Audrey Merritt
Audrey Merritt

Is B2B marketing boring? If you consume it — and we all do — you already know the answer.

And yet, so many B2B companies insist their audience is different. “Our targets respond to facts, not emotional appeals.” “Our consumers want to see a feature list, not a broad statement about benefits.” And the dreaded: “We can’t use humor. It will undermine our credibility.”

It’s not surprising that entrepreneurs and developers who’ve poured blood, sweat and middle-of-the-night-meltdown tears into building a remarkable solution want to believe their product will sell itself based purely on technical merits. If that were true, however, the best technology would automatically rise to the top of the market. And that’s not how it works.

More than 10 years ago, my partner and I co-founded an agency on the belief that B2B buyers are humans who want to connect emotionally, and that most existing B2B marketing was missing the mark. Recently, we decided to get data to back up our claims. So, we commissioned a survey, conducted by Propeller Insights, of more than 1,100 B2B purchasing decision makers.

The results weren’t a surprise. But they were impressive:

• 48 percent said they find the advertising directed at them to be boring.

• 49 percent feel most websites for business products and services aren’t as interesting and creative as consumer websites.

• 82 percent wish B2B advertising could have more of the creativity associated with B2C advertising.

When nearly half your market uses a word like “boring,” it may be time to pay attention. But this issue isn’t just about whether or not people enjoy B2B marketing; it’s about whether B2B marketing works. And that’s where things get really interesting: 78 percent of respondents said that “sometimes,” “rarely” or “never” does the B2B advertising they see prompt them to take a next step towards making a purchase.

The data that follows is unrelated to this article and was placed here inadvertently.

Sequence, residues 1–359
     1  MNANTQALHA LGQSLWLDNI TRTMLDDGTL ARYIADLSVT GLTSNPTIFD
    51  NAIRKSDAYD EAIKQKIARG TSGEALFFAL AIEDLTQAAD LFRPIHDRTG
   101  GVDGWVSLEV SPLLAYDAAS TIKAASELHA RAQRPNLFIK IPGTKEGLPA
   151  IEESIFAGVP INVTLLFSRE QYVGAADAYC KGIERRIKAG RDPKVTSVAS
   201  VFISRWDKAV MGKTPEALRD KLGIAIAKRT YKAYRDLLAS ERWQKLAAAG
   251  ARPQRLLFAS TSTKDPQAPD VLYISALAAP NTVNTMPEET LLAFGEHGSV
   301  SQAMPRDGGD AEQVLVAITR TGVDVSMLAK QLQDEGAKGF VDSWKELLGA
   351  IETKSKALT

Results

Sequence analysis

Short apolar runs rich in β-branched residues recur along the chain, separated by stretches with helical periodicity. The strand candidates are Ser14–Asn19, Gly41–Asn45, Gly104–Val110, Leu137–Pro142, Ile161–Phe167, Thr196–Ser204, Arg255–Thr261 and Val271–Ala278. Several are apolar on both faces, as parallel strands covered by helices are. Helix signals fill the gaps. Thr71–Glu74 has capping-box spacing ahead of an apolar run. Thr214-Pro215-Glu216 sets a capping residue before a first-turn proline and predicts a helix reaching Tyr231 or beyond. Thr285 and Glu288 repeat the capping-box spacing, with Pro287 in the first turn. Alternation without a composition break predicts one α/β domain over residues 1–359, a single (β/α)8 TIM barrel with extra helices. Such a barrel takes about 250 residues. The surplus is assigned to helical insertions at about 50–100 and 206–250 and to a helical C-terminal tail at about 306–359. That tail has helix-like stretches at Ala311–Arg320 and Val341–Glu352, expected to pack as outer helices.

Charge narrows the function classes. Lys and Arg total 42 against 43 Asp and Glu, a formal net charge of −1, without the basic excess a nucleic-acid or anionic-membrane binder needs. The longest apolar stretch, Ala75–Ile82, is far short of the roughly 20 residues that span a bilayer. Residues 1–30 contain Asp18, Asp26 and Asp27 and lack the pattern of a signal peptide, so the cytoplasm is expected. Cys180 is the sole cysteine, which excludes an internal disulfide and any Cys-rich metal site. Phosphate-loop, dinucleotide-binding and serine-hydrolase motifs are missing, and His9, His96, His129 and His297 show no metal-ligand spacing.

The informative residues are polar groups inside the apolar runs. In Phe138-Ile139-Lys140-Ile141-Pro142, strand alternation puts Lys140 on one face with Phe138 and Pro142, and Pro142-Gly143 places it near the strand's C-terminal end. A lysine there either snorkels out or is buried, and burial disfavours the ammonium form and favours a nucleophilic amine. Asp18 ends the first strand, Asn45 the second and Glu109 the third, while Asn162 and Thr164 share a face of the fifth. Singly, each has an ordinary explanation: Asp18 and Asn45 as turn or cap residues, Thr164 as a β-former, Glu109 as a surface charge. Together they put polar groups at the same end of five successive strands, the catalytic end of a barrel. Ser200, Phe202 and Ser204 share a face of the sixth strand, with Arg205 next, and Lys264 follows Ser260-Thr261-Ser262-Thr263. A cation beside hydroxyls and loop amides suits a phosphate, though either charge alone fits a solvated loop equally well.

And here’s the most striking news of all: 81 percent said they’d be able to make better buying decisions if B2B advertising did a better job of engaging them.

In other words, your customers want to be educated; they know their buying decisions are compromised when they aren’t. But they won’t get to the “what” if you don’t give them a reason to pay attention first.

So, what’s the next step that you, as a marketer, can take? First, be clear about your messaging hierarchy. You need to explain what you do, but that should never be the first interaction your audience has with your brand. Instead, they should see something that breaks through the noise to capture their interest and, ideally, make them feel something.

When you’re strategizing around creative development, pose emotional questions to get inside the hearts of your customers. What are their biggest challenges? What do they think they want? What do they really need? What do they dream about? If you can connect with feelings instead of thoughts, you’ve reached the place where decisions are made.

And you don’t have to guess; you can go to customer voices for inspiration. So often, the ways your customers talk about your product will be less expected than the more typical phrases companies tend to fall back on. You can mine interviews, case studies, social media comments — whatever your customers are saying — for usable nuggets.

Finally, here’s an exercise we do at our agency. In our brand strategy process, we pull together the topline messaging from all the companies competing for mindshare in a client’s space. It’s always ugly. Every single business is using the same words, over and over. When we see it laid out like that, we’re forced to find new language and a new angle so we can stand out. And that can inspire refreshing visual approaches, too.

Boring marketing is bad marketing. We’ve always known it was true, and now that we have the data to prove it, we can be more motivated than ever to deliver the unexpected.


Audrey Merritt is a founding partner at WHM Creative.